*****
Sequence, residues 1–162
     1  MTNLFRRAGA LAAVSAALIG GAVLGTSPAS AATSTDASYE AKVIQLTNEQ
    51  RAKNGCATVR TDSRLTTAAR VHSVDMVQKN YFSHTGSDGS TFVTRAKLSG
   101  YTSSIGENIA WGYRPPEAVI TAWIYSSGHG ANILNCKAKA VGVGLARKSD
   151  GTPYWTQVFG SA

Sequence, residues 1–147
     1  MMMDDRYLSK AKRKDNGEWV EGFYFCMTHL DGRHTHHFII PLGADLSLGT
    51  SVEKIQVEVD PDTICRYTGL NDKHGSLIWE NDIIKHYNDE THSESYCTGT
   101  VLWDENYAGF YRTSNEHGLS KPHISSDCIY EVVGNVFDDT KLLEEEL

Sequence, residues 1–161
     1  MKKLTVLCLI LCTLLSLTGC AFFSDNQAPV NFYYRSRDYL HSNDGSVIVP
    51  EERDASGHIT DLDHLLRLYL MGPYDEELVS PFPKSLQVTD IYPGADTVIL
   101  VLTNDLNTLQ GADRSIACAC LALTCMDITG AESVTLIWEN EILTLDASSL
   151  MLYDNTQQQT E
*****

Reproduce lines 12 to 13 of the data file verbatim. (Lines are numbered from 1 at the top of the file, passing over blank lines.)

    51  EERDASGHIT DLDHLLRLYL MGPYDEELVS PFPKSLQVTD IYPGADTVIL
   101  VLTNDLNTLQ GADRSIACAC LALTCMDITG AESVTLIWEN EILTLDASSL